Is welcoming guests a greater mitzvah than welcoming the Divine Presence? Perhaps they are of equal value?       

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Vayeira 5773-2012

“Seeking Advice From a Good Friend”

Why does the great man of faith, Abraham, first consult with his Amorite compatriots, Aner, Eshkol and Mamre, about proceeding with his circumcision, rather than immediately fulfill G-d’s command?

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Vayeira 5772-2011

“Were Lot’s Daughters Moral or Immoral?”

After the destruction of Sodom, Lot’s daughters, thinking that the whole world had been destroyed, ply their father with wine and bear children with him. The commentators struggle with their actions.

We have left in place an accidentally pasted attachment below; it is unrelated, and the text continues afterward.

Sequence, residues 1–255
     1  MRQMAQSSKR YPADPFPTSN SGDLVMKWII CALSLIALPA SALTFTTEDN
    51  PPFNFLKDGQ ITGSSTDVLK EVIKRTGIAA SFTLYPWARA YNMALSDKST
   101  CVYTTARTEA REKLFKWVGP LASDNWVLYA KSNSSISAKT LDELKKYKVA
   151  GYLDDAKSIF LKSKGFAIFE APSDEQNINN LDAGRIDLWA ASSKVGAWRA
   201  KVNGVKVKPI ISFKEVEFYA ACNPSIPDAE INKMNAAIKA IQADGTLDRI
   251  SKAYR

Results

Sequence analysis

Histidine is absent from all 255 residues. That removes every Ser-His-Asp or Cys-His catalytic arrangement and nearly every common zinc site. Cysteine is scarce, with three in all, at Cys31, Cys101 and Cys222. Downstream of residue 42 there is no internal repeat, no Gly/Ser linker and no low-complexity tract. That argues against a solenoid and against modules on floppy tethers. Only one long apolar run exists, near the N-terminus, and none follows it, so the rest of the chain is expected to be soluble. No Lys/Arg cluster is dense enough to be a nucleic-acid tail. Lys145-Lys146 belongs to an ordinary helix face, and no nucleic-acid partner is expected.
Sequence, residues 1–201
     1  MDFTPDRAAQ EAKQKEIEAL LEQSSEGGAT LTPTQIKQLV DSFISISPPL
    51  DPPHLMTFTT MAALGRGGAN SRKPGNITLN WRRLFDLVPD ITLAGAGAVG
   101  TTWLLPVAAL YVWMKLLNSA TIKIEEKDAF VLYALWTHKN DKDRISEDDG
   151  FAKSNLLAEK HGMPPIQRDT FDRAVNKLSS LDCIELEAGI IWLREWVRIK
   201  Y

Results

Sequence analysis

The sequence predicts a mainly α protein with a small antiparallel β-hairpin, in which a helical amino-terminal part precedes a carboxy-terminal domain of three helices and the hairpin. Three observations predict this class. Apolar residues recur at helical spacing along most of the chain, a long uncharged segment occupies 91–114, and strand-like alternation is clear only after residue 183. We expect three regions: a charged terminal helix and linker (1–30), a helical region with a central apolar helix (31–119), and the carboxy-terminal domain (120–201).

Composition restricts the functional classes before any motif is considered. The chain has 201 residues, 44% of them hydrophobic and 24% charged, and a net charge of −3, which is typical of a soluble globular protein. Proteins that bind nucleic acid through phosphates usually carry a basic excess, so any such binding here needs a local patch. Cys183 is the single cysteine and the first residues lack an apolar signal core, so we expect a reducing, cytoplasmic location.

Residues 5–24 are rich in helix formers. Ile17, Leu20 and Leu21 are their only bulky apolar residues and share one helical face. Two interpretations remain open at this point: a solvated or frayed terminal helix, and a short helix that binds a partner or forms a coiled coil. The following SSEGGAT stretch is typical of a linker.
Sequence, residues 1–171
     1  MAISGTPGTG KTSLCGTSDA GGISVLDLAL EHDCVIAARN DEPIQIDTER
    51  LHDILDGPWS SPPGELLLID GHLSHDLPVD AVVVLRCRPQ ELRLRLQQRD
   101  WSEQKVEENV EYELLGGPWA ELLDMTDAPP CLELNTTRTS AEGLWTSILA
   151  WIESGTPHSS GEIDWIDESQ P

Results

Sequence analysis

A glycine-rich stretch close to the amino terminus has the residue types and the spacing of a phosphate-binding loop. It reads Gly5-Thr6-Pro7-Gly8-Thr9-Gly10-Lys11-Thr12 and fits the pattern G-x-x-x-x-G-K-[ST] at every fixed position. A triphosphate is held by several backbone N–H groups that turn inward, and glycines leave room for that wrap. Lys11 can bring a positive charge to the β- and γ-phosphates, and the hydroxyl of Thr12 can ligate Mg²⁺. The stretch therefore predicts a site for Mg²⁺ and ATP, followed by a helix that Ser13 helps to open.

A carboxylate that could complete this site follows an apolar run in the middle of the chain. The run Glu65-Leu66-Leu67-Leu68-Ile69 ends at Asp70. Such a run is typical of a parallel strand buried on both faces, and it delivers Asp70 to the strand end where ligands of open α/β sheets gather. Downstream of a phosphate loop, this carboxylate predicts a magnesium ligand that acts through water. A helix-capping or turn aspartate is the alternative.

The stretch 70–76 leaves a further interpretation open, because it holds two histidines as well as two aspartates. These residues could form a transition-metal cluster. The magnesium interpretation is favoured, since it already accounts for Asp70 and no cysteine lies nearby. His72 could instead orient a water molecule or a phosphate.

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Vayeira 5771-2010

“Lessons from the Evil of Sodom”

The Torah tells us that when Lot went out to speak to his sons-in-law to tell them to leave Sodom, he seemed to them as if he were joking. We Jews face serious threats today as well. Let us not look upon these threats with skepticism as if to say that we are impervious to danger.

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Vayeira 5770-2009

“Hospitality at Its Finest”

Abraham speaks to his guests as if they are doing him a favor by accepting his hospitality. Can that be true?!

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Vayeira 5769-2008

Shalom Bayit, Little White Lies”